Although well intentioned, the new PIP QI regime exposes a federal government that is underestimating the massive damage that could be done to the well being of their frontline healthcare troops in general practice and to trust in the system by a hastily cobbled together idea to move faster towards outcomes based care


The formal launch of the Federal Department of Health’s (DoH) new Quality Improvement Practice Incentive Program (PIP QI) regime on August 1 was accompanied by some strongly worded protests from senior thinkers in the GP sector and even some in  the digital health sector, but  it has  otherwise passed with little fanfare around the digital health world.

Some of the questions raised which are obvious and concerning include:

  • If the Australian Digital Health Agency (ADHA) has spent a fortune on a governance framework for secondary use of patient data for the My Health Record (MHR), why is none of that work in play in rolling out this secondary use scheme, given both schemes ultimately roll up to the Federal DoH?
  • Without a well defined regime in play, who is ultimately responsible for ensuring governance in a system which exposes patient data (non identified) to the relative competence of all 31 Primary Health Networks (PHNs) in the country, which have huge variance in their performance and management capabilities?
  • Who is responsible for overseeing any compliance from private data extraction suppliers, who are separately contracted by each PHN, and who are largely non transparent to the system because of commercial in confidence restrictions?
  • What guarantees do GPs and GP owners have that the information being collected, won’t morph towards being used by PHNs and other parties to manage more GP compliance, over time? It is a natural use for such data after all.
  • Are there any guarantees that GPs personal and billing data will not end up identifiable in some way by third parties and used for purposes well outside the remit of the scheme? Upstream data matching firms can do a lot with de-identified data to create actual matches, especially around geo collected data.
  • Who manages the conflict now created between GP contractors and employees and their owners and managers in the matter of consent of the release of patient data, especially given owners and managers are now conflicted by a $50,000 per annum incentive to upload this data?
  • Are owners and managers obliged in anyway to outline what they are taking from contractor and employee patient management systems in order that they understand any potential downstream implications for such data extraction?
  • Who looks after a GP who, after being directed by their practice owner to enter this data in the format required by the program, has their contractor status made ‘grey’ by such specific and repetitive direction, and therefore exposes the GP to significant potential tax issues, even if the contractor is not being rewarded by the owner for the activity?
  • Who is indemnifying GPs against breaches of the Privacy Act, which has severe financial penalties, especially given uploading of this data out of their patient management system, which is their responsibility, is automatic and they have no oversight of what actually is going out of there system?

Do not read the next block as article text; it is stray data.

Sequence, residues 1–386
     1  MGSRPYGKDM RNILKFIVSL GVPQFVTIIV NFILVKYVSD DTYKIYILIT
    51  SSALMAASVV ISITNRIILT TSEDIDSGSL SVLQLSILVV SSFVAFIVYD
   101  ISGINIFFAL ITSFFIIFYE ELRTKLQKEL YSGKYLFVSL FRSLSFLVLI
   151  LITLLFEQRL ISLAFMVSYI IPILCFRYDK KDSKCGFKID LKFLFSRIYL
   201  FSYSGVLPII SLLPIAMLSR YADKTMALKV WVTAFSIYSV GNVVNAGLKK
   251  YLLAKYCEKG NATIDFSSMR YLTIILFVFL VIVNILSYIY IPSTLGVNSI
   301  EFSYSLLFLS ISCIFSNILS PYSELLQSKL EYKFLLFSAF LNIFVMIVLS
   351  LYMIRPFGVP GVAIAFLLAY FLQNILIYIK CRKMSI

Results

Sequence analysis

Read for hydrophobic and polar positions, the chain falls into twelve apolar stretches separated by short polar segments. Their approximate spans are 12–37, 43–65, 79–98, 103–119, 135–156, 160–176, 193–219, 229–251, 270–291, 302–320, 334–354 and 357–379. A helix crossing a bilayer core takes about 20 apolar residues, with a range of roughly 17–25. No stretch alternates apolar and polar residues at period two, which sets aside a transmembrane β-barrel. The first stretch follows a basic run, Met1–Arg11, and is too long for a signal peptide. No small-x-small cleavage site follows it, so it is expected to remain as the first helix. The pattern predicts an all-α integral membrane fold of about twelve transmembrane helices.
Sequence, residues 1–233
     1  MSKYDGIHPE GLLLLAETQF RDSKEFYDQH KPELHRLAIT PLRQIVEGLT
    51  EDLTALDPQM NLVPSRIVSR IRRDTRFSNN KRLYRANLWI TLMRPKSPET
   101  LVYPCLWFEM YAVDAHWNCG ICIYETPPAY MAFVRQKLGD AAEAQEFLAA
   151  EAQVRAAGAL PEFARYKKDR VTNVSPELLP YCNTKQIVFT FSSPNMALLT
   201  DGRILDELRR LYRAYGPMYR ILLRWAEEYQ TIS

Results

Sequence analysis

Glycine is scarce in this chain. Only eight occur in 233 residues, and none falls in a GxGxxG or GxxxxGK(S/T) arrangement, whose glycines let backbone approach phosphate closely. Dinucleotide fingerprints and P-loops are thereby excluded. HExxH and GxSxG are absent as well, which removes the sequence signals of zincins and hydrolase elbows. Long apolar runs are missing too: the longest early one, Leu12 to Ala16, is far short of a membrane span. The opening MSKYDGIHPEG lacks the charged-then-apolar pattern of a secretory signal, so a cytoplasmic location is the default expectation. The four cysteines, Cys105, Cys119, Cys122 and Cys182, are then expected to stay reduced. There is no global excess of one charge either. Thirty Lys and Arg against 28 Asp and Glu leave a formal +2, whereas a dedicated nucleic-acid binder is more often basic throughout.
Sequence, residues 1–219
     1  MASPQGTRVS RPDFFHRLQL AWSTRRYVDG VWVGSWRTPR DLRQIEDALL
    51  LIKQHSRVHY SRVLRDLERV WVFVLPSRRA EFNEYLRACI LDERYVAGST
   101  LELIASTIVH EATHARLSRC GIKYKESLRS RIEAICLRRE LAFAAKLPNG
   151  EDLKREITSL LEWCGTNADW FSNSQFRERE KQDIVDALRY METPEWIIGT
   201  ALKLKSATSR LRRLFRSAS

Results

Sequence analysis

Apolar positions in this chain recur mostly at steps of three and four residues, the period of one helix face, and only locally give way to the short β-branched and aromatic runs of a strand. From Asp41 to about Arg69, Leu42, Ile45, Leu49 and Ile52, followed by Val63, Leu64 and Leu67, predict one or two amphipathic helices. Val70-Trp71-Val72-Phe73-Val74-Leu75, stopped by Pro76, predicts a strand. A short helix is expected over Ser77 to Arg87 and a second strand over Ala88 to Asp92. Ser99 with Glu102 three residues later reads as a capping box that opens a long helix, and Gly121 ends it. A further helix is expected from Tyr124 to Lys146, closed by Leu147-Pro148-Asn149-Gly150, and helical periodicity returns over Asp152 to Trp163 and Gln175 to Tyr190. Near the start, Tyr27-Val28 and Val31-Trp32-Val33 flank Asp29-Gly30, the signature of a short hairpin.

• What binds all PHNs to a single, workable and accountable data governance regime, in the manner that the MHR is?

The DoH responded to concerns raised in Health IT newsletter PULSE IT, not all of which are on the list above, on August 1 by saying that:

  • The design was based on longstanding existing arrangements for data extraction between PHNs and its GPs (which it is)
  • Already 55% of practices are participating in such data exchange activities with their local PHN
  • There is a governance framework (the PIP Eligible Set Data Governance Framework) which specifies that storage requirements must align with the ADHA requirements and that aligns to a National Data Storage and Analysis Solution (NDSAS), which is still under development, but which PHNs will use
  • That PHN data will over time be aggregated up to the Australian Institute of Health and Welfare (AIHW) “for the purposes of informing national health policy”
  • Patients are able to opt out of having their de identified data used based on existing compliance requirements for GP practice accreditation

All of which doesn’t really answer most of the bigger questions being raised over the program. Certainly PHNs do collect data on a voluntary basis for local QI purposes on an ad hoc basis now but PIP QI is not adhoc. It is being industrialised, especially with the use of a large practice based incentive to provide the data. But it being started without the right health and safety protocols for a data program of this size in place. For instance:

  • The NDSAS, which will underpin storage and collection is still being developed yet the scheme has already started.
  • There isn’t anything in place binding all PHNs to a single regime other than a protocol saying they should comply with ADHA requirements.
  • Patient opt out ability is a part of practice accreditation but these are principals not advice on implementation. There is nothing in place to audit this properly, and it’s unlikely patients would appreciate the before and after difference in the data collection reasoning of PIP QI, especially that their data will now end up in a nationally aggregated database.
  • There is no actual compliance regime documented formally that exists…it’s being made on the fly by the look of the DoH responses so far, despite them giving it a formalised name and acronym.

With so much left unanswered and unspecified and with quite senior GPs prepared to put their heads over the parapet and risk political and brand damage, you’d think the peak bodies would be thinking a bit harder about the issue. It’s going to be hard for them given they were part of the process of approving the scheme but they seem to have all underestimated the angst of their members.